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Multiple-unit train control, sometimes abbreviated to multiple-unit or MU, is a method of simultaneously controlling all the traction equipment in a train from a single location—whether it is a multiple unit comprising a number of self-powered passenger cars or a set of locomotives—with only a control signal transmitted to each unit. This contrasts with arrangements where electric motors in different units are connected directly to the power supply switched by a single control mechanism, thus requiring the full traction power to be transmitted through the train.
Multiple unit train control was first used in electric multiple units in the 1890s.
The Liverpool Overhead Railway
Frank J. Sprague
The multiple unit traction control system was developed by Frank Sprague and first applied and tested on the South Side Elevated Railroad (now part of the Chicago 'L') in 1897. In 1895, derived from his company's invention and production of direct current elevator control systems, Frank Sprague invented a multiple unit controller for electric train operation. This accelerated the construction of electric traction railways and trolley systems worldwide. Each car of the train has its own traction motors: by means of motor control relays in each car energized by train-line wires from the front car all of the traction motors in the train are controlled in unison.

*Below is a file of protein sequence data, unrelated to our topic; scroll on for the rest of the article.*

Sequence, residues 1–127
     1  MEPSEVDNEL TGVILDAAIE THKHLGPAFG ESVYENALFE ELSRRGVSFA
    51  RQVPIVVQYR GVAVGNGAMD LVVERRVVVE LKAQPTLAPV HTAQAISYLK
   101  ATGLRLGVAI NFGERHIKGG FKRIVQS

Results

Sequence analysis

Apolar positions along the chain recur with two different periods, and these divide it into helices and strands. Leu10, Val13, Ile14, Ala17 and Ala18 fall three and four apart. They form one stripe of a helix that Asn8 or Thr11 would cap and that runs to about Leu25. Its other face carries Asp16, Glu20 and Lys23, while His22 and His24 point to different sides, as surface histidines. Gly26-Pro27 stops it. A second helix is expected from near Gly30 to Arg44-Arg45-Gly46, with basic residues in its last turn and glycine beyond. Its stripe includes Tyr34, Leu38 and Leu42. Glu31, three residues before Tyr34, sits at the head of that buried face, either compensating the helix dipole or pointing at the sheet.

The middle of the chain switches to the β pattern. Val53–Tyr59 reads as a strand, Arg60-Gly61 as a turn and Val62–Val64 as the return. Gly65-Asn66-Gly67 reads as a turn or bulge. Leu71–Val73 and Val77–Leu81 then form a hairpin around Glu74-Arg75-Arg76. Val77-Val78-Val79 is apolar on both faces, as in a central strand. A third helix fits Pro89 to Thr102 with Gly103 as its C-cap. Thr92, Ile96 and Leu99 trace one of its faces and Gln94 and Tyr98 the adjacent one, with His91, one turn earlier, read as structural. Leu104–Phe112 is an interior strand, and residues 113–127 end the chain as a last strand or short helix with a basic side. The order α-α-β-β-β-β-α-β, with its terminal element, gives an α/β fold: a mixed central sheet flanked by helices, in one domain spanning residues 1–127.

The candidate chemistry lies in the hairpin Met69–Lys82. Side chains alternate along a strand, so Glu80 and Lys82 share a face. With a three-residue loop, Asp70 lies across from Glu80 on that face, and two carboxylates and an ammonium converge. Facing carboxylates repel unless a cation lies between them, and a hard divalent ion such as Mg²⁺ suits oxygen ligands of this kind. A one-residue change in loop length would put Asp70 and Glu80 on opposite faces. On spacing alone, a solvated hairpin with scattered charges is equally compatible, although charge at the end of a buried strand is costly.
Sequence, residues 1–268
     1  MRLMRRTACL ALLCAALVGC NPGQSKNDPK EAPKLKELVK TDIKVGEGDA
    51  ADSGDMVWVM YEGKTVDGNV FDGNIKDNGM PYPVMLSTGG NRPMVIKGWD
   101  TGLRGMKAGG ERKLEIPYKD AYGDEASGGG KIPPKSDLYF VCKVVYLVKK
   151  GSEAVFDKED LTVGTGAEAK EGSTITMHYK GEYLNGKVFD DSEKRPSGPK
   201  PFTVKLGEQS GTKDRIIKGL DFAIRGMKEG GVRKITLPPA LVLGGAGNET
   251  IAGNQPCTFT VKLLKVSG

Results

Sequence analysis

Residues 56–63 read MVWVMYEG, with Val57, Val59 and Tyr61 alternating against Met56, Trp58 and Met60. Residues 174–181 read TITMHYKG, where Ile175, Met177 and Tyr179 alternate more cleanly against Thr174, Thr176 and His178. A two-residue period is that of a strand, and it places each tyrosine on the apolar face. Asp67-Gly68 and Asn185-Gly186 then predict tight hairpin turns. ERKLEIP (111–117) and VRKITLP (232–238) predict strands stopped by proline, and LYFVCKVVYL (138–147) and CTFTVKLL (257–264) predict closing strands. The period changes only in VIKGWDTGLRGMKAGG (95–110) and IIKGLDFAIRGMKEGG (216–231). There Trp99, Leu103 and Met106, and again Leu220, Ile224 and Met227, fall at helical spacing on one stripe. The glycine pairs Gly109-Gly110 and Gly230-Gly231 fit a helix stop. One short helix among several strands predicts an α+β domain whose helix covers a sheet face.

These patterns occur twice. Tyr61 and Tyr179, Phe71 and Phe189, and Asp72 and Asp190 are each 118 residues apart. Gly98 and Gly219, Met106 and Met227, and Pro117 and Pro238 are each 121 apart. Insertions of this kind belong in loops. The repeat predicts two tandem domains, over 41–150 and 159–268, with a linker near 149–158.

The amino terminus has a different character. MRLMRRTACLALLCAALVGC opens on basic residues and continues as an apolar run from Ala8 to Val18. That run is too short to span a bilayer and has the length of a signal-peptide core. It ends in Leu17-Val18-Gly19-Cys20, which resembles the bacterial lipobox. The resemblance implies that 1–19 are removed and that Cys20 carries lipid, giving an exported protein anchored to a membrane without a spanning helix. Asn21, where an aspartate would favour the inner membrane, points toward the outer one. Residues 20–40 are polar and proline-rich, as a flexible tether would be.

Sprague's MU system was adopted for use by diesel-electric locomotives and electric locomotives in the 1920s; however, these early control connections were entirely pneumatic. Today's modern MU control utilizes both pneumatic elements for brake control and electric elements for throttle setting, dynamic braking, and fault lights.
In the early days of diesel electric MUing there were numerous systems; some were compatible with one another, but others were not. For example, when first delivered, many F units lacked MU cables on their noses, allowing only for MUing through the rear of the locomotive. That meant that if a train needed four locomotives and there were four A units and no B units, a train would require two train crews as the four A units could not be multiple-unit-controlled, except as two groups of two.
Terms used in North America are A unit and B unit where the B or "booster" unit does not have a control cab; slug where the B unit has traction motors powered by the "mother" unit via extra connections; and cow-calf for switcher locomotive units. A control car remote control locomotive has remote control but not traction equipment.